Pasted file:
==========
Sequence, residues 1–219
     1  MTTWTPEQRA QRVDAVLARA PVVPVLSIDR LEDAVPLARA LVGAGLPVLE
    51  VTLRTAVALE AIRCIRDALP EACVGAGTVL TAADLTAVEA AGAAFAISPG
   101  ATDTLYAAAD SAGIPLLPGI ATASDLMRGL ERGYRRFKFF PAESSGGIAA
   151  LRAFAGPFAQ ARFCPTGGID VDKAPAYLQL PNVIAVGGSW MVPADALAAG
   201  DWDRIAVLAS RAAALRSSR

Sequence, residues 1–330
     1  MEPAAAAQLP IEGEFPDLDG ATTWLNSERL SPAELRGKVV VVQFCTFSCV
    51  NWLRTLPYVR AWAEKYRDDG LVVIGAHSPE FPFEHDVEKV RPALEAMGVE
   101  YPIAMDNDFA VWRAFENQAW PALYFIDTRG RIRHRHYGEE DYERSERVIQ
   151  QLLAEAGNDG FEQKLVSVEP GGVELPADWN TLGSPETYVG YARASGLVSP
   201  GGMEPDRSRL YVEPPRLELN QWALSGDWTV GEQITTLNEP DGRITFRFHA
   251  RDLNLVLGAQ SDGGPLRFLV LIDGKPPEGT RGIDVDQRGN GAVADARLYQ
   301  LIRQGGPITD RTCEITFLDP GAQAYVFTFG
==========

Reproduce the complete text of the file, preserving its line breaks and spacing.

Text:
Sequence, residues 1–219
     1  MTTWTPEQRA QRVDAVLARA PVVPVLSIDR LEDAVPLARA LVGAGLPVLE
    51  VTLRTAVALE AIRCIRDALP EACVGAGTVL TAADLTAVEA AGAAFAISPG
   101  ATDTLYAAAD SAGIPLLPGI ATASDLMRGL ERGYRRFKFF PAESSGGIAA
   151  LRAFAGPFAQ ARFCPTGGID VDKAPAYLQL PNVIAVGGSW MVPADALAAG
   201  DWDRIAVLAS RAAALRSSR

Sequence, residues 1–330
     1  MEPAAAAQLP IEGEFPDLDG ATTWLNSERL SPAELRGKVV VVQFCTFSCV
    51  NWLRTLPYVR AWAEKYRDDG LVVIGAHSPE FPFEHDVEKV RPALEAMGVE
   101  YPIAMDNDFA VWRAFENQAW PALYFIDTRG RIRHRHYGEE DYERSERVIQ
   151  QLLAEAGNDG FEQKLVSVEP GGVELPADWN TLGSPETYVG YARASGLVSP
   201  GGMEPDRSRL YVEPPRLELN QWALSGDWTV GEQITTLNEP DGRITFRFHA
   251  RDLNLVLGAQ SDGGPLRFLV LIDGKPPEGT RGIDVDQRGN GAVADARLYQ
   301  LIRQGGPITD RTCEITFLDP GAQAYVFTFG